SUPREMEWRITER: You’re also throwing a Grown and Sexy party this fall. What will that be like?
ERIC: Well the grown and sexy party will have three artists performing and a Hip-Hop fashion show. Right now, we got Baron to perform That’s gonna be a big performance for Baron to perform on one stage. The Grown and Sexy party is going to be for the grown and sexy elite to see what the socialites ware about We’re putting artists on blast showing what they’re capable of doing.

SUPREMEWRITER: Eric. You have a great idea. As you know, most party throwers parties that cater to the House and Hip-Hop music lovers, but we hardly have any promoters who throw parties for Gay men who enjoy dressing sexy and listening to R&B music and performers. What you think about that?
ERIC: I feel good about it. Like you said, there aren’t too many people in the gay community who work outside the box and I’m proud to say my company’s the first to do so and hopefully, all we can do is start a trend.

SIPREMEWRITER: What is the dress code for the party?
ERIC: The dress code for the grown and sexy is dress grown and sexy. Come casual. Come looking like a star. It’s your red carpet to shine. I’m in the process of having something real good. Hopefully things work out but it’s your night to shine; Show your grown and sexy colors.

SUPREMEWRITER: Who would you like to throw a party for?
ERIC: I would like to throw a party for Paris Hilton.

SUPREMEWRITER: I know that you’re a huge fan of Brandy. What do you admire about her?
ERIC: I admire Brandy. Everything. I admire her realness. She’s real and she’s talented. Very talented. She’s a great writer. She brings her realness to her music. That’s what I admire about her.

SURPEMEWRITER: I also heard you’re planning on returning back to acting.
ERIC: Eventually in the future. That’s a though. Everybody who knows me, know I’m an actor, but I think in a couple of years, I’ll get back into acting perhaps after I established this company.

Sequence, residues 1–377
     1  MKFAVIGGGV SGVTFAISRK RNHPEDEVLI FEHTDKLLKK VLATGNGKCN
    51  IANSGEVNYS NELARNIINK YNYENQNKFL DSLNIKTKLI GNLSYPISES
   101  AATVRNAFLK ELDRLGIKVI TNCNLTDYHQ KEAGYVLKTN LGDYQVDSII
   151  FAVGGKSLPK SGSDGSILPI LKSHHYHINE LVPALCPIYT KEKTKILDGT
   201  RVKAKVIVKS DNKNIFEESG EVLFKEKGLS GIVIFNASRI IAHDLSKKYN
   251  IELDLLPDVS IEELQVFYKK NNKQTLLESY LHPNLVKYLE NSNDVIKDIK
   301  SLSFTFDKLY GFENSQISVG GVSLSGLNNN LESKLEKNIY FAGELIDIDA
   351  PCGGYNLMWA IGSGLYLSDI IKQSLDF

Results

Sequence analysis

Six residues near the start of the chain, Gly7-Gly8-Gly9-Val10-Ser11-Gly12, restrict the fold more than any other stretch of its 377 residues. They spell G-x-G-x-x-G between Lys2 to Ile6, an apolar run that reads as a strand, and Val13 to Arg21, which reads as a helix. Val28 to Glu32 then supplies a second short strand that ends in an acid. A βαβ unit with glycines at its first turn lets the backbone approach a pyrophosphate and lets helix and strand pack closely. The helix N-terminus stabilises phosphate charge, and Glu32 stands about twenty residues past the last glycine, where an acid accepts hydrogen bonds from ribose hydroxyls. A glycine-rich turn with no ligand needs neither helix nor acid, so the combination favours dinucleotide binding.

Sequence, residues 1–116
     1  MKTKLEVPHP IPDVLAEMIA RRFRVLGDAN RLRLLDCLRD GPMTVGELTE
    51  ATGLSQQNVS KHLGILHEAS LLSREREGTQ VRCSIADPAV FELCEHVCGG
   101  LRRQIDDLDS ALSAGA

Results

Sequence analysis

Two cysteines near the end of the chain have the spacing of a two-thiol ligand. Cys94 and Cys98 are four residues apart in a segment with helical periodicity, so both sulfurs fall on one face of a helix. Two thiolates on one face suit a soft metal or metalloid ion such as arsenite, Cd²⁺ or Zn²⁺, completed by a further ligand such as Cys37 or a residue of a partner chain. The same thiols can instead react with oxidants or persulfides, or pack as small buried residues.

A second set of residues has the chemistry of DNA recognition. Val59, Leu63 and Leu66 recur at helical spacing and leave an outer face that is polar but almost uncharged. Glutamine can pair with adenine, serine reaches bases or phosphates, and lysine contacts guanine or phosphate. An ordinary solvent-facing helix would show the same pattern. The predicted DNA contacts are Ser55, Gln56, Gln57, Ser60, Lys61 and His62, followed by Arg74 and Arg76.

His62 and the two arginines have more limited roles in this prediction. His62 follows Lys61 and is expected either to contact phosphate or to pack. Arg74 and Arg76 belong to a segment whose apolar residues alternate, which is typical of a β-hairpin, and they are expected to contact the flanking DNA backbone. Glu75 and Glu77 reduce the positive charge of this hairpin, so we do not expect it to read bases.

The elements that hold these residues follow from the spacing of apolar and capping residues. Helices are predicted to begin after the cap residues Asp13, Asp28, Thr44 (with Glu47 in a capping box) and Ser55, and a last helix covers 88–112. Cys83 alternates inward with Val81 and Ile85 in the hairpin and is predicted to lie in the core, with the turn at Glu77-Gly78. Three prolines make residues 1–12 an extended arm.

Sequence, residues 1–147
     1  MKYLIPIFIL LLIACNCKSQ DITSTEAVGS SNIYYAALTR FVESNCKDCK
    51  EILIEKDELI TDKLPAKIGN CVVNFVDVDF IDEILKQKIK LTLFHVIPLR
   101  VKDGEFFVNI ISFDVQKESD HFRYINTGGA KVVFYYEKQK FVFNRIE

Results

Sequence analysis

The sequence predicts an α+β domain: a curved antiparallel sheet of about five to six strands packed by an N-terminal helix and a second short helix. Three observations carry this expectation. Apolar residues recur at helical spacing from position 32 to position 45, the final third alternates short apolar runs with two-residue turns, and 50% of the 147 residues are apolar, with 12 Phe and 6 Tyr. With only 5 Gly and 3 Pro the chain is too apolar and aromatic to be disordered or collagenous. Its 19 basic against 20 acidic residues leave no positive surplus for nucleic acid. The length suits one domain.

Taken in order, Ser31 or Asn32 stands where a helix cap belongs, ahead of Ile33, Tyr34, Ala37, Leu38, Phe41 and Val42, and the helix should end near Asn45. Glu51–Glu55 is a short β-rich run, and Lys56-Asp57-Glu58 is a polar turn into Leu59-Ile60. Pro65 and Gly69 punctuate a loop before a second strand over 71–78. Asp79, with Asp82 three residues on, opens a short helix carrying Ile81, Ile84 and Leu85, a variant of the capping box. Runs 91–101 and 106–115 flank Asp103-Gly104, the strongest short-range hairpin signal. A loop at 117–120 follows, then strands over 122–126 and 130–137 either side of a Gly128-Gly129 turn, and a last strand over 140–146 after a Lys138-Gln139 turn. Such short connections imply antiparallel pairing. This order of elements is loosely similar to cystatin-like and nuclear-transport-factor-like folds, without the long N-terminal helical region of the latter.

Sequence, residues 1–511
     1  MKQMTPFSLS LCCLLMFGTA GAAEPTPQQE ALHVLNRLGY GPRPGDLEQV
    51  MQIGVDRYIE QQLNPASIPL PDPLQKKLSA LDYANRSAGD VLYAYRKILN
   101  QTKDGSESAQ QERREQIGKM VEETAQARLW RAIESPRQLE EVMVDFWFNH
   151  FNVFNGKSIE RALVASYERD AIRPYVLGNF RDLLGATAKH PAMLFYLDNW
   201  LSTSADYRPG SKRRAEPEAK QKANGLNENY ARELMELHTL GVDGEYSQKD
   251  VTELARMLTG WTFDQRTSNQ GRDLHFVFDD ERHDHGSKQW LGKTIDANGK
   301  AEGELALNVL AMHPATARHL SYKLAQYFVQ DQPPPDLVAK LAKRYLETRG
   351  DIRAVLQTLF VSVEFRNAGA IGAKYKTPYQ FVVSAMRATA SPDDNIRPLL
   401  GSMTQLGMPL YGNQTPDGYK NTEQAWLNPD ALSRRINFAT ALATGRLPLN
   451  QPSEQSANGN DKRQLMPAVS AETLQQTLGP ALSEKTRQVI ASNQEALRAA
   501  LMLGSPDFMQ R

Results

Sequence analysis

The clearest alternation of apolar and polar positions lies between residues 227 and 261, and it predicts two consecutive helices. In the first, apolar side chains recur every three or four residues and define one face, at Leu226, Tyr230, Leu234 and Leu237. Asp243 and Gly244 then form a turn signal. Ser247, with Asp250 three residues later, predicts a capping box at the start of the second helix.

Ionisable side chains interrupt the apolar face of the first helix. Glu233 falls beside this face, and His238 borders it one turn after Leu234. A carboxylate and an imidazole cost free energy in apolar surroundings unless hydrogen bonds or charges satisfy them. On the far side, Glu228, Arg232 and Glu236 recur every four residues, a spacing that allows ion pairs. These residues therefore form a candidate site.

SUPREMEWRITER: Last question. You and DJ Baker have been dating for almost five years. How do you manage to maintain a relationship while pursuing your careers in entertainment?
ERIC: you know it’s all about communication and trust. The key words that DJ says are communication, trust, honesty, respect and chemistry. Like those are the five things we need in a relationship to make it last and I’m grateful to have someone in my life. It’s just being honest with that person.


When I first met Maurice Runae, I couldn’t help to notice that he had his own unique style of fashion that made him stand out along with his long well groomed twists. After hanging out with him I noticed that he’s also a cool person who’s very active in the community, and he has no problem addressing issues that concerns the community including maintaining physical and mental health, homophobia and knowing how to make sure you spend time with your man. Those are the topics we talked about during our interview that took place at GMHC.

SUPREMEWRITER: Who is Maurice Runae?
MAURICE: I’m currently doing a show called “Vantage Point. I’m also doing my fashion line and online magazine. I’m currently holding two positions at GMHC.

SUPREMEWRITER: What made you decide to get into fashion design?